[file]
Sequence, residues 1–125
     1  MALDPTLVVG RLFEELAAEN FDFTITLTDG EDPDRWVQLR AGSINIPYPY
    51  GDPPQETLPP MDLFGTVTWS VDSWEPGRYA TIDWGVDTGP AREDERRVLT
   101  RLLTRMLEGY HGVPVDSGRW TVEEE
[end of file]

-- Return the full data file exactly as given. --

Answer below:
Sequence, residues 1–125
     1  MALDPTLVVG RLFEELAAEN FDFTITLTDG EDPDRWVQLR AGSINIPYPY
    51  GDPPQETLPP MDLFGTVTWS VDSWEPGRYA TIDWGVDTGP AREDERRVLT
   101  RLLTRMLEGY HGVPVDSGRW TVEEE